Across the world, they're called by many different names. Cougar. Puma. Panther. In America, we call them mountain lions, and they are the big cats of our three connected continents. They have lived and hunted from the frozen wilds of Canada all the way to the tip of Chile in South America, and everywhere else in between.

As the joke goes, for decades Oklahoma State Game Wardens made it a habit of denying Oklahoma's transient population of mountain lions. It would usually start off as some story told in the presence of a warden, "Someone saw a mountain lion the other day..." and the response from the wildlife official was overwhelmingly almost always "There are no mountain lions in Oklahoma." The back and forth was almost a sport before this practice of denial ended.

Since the mid-to-late 1990s, the Oklahoma Department of Wildlife Conservation has elevated to a top-tier department of natural sciences in this country. Wardens now lean heavier to the law enforcement side of the job description, and the research is now mostly left up to the scientists employed by the state. That separation between research and writing as many tickets as possible has Oklahoma finally realizing the true diversity range of our natural state. Mountain lions are real, they live and travel through here, and if you see one, odds are the wardens believe you now.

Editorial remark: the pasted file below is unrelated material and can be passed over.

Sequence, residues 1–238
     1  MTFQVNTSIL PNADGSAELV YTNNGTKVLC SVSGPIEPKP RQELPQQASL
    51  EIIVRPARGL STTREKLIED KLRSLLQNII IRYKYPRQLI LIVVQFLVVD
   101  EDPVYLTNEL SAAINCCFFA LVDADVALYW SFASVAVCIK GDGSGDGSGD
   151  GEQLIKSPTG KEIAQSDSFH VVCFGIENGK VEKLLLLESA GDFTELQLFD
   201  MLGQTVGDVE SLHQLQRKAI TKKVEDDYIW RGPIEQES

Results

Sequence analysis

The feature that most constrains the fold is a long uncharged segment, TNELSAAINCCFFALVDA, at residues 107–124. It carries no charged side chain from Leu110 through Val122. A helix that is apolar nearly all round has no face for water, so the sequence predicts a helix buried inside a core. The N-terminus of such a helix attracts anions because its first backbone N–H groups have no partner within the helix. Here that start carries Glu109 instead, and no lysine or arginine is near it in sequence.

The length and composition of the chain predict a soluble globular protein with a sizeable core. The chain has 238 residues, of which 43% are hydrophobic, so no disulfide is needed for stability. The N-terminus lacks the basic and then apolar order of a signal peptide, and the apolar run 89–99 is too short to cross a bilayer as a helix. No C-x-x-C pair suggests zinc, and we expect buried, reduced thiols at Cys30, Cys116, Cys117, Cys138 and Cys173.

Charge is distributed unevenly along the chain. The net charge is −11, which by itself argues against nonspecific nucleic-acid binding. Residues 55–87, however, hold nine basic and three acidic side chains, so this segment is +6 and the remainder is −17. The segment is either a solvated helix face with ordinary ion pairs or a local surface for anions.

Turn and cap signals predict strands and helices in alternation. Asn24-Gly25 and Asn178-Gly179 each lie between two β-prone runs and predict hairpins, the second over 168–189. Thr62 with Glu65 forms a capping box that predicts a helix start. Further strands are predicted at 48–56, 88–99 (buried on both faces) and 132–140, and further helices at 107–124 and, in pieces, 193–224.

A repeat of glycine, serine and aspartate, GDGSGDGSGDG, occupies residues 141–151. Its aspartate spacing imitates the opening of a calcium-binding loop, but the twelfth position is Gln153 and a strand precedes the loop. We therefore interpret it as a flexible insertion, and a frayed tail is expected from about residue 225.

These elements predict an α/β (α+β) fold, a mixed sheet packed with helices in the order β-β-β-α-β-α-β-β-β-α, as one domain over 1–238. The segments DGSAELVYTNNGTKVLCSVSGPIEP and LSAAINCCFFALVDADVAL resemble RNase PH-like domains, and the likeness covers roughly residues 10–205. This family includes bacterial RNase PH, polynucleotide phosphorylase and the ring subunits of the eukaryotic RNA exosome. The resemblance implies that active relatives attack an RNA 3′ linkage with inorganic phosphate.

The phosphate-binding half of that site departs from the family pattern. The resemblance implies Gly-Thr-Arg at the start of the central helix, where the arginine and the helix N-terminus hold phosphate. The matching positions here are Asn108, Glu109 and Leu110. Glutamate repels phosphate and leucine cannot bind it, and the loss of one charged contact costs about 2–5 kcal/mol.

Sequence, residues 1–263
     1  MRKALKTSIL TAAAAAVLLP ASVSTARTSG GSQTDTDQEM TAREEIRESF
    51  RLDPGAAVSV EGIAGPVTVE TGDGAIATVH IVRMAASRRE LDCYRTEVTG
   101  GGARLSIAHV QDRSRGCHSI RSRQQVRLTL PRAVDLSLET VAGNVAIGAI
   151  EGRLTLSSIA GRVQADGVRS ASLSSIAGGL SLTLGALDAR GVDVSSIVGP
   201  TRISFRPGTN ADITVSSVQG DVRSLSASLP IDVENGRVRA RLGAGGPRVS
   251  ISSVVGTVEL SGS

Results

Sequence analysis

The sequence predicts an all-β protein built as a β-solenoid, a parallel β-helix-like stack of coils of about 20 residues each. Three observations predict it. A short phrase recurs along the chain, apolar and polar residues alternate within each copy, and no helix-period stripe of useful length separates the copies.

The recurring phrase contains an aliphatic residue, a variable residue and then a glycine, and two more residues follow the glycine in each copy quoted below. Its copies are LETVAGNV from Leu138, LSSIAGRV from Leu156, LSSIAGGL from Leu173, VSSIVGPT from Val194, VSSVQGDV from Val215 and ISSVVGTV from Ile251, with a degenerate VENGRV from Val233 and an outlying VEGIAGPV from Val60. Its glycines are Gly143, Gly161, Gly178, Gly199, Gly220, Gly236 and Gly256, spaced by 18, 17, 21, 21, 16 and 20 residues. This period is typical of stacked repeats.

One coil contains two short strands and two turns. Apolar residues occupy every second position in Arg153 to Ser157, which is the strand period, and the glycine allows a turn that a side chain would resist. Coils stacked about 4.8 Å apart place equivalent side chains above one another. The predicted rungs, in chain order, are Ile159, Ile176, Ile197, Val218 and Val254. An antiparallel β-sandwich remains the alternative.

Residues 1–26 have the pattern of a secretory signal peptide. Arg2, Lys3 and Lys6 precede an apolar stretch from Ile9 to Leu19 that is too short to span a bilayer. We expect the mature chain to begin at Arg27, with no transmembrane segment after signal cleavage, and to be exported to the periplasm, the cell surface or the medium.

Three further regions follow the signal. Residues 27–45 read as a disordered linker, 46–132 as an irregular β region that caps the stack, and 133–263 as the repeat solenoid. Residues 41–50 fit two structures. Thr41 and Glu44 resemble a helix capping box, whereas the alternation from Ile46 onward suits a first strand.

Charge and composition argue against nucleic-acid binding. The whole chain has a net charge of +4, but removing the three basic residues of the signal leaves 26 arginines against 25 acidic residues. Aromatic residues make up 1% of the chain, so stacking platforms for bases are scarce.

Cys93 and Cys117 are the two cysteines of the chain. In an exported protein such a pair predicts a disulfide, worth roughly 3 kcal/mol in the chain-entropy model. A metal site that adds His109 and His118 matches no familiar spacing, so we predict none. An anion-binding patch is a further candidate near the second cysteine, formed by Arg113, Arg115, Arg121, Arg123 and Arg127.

It was in the third week of October that something still pretty rare happened on this topic. The wildlife service actually "confirmed" the status of a mountain lion being in Oklahoma. Even though they have historically used Oklahoma as a native territory, it's still pretty rare to see these big cats outside of their mostly mountainous home ranges.

There was another recent confirmed sighting a few hundred miles away. This mountain lion was caught on a game camera interacting with a porcupine, proving once again the porcupine might be the ultimate Oklahoma animal.

I've been lucky enough to see one of these beasts in person before. My cousin and I were headed out to hunt for the afternoon the weekend of Thanksgiving one year a decade ago. Rolling through the hills of the Harmon County road our land was located on, we came up out of a gully to see a giant golden cat stretch all the way across that narrow county road. Must have been ten feet from nose to tail. It was as much a fleeting glimpse as you can get. By the time we both realized what it was, it was gone and there was no hope in spotting it through the brush. It's the only time I've ever seen one.

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